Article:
To do, or Not to do?
It’s not what we aren’t doing that is slowly wreaking havoc on our bodies. It’s what we are doing that can often be more of a danger to our overall well-being. The way we do things repeatedly shapes and molds us over time and leads us down roads of discomfort and even pain. We are continually told we need to add this, do that, add more, and expand by doing more of that. But what if the starting line is: you tweak what you are already doing?
We have all heard the word “posture” before, and I can assume you probably have an idea of what that word means. But just for the sake of the few that may not be clear, our friend Google says that posture is “the position in which someone holds their body when standing or sitting.” Posture is how we carry our body, how we move or don’t move our body, posture is where our parts go, and how they stack or don’t stack; all constitute posture.
And as a movement and fitness leader for 15 years now, I have seen a wide variety of interpretations of what posture is, and I have also encountered many that have not drawn the line between how they feel and posture itself.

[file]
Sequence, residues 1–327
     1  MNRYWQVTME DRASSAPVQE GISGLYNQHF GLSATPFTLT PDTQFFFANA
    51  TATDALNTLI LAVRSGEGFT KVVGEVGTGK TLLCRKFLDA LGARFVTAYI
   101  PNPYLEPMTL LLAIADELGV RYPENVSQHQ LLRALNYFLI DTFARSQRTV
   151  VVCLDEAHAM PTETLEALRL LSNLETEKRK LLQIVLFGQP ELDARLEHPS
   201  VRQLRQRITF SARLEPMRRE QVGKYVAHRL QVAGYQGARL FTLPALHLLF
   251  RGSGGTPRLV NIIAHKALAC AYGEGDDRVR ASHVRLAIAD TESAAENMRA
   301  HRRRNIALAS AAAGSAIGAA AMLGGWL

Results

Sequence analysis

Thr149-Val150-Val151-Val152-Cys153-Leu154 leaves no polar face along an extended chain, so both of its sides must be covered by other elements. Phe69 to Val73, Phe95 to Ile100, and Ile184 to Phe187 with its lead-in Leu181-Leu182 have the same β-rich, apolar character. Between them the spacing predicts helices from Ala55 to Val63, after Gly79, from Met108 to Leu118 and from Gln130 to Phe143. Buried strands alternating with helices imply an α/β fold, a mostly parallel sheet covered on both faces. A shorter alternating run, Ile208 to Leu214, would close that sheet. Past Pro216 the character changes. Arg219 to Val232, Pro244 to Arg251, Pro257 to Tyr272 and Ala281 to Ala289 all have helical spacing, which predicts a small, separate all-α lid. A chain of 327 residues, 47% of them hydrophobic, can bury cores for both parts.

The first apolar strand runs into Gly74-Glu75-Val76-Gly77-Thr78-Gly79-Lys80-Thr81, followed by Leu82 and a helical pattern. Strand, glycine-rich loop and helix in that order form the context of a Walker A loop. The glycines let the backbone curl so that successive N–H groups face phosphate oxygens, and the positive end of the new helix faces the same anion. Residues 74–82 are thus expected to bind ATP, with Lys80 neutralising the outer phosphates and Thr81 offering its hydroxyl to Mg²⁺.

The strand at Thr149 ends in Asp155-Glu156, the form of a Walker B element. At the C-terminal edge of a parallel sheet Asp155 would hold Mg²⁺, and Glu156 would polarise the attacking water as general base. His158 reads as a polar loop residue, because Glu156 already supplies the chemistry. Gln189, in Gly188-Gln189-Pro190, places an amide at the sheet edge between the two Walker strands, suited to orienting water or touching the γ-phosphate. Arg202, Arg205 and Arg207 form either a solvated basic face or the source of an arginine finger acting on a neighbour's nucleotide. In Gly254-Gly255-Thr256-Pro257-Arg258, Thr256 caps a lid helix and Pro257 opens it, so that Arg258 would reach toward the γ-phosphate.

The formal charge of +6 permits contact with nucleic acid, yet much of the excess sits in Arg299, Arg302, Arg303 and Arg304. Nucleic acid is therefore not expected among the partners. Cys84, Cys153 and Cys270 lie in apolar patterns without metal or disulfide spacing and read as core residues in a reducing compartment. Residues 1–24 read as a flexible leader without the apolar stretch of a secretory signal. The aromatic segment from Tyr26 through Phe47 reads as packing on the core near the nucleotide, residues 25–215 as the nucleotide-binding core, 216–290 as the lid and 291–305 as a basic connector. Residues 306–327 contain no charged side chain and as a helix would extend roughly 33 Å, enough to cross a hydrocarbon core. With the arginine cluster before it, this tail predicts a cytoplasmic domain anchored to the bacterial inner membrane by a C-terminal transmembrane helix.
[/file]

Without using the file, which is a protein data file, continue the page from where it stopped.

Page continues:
Here’s the thing, you can add all the exercises, fancy shoes, even nice furniture you want. Still, if your posture is off or tainted, those additions will temporarily mask the underlying issue that truly is a simple (but diligent) fix.
So here are 4 ways to improve your posture TODAY:
1. Look at your feet. If you are walking forward, they should be pointing forward. Ankle, knee, and hip (even neck) problems often stem from the feet. Pointing them forward takes the load off the knees and gives the lower back and hips a break. Also, consider the type of shoes you are wearing. The higher the heel, the bigger the risk for possible foot, hamstring, and hip problems.
2. Where’s your pelvis? A lot of what our pelvis does correlates back to our feet, but on a basic level, you want your pelvis in what is called “neutral.” Neutral is a home-based position for your body, bringing your pelvic floor (the basement of your core) back underneath you, your organs, back into their very strategically stacked position, and finally, give relief to your hip flexors and lower back.
How do you find neutral? Your front hip bones (also known as your Anterior Superior Iliac Spine) can be found by the front belt loops of your pants. Your pubis bone resides where the zipper would land if you would unzip a pair of jeans. These three bony landmarks make an upside-down triangle that should run parallel with the wall you are facing. NOTE: Doing this in heels will show you how much your body is adapting to a posture that is not natural.
3. Look to your core – many separate working the core into its own workout. Even with yoga, students still ask, “can we do core work,” like it is somehow separate from the rest of the body. The thing is, core work isn’t something you do. It’s everything you do. So that means that even while standing, walking, running, even sitting, you can engage your core-yes, even while you work!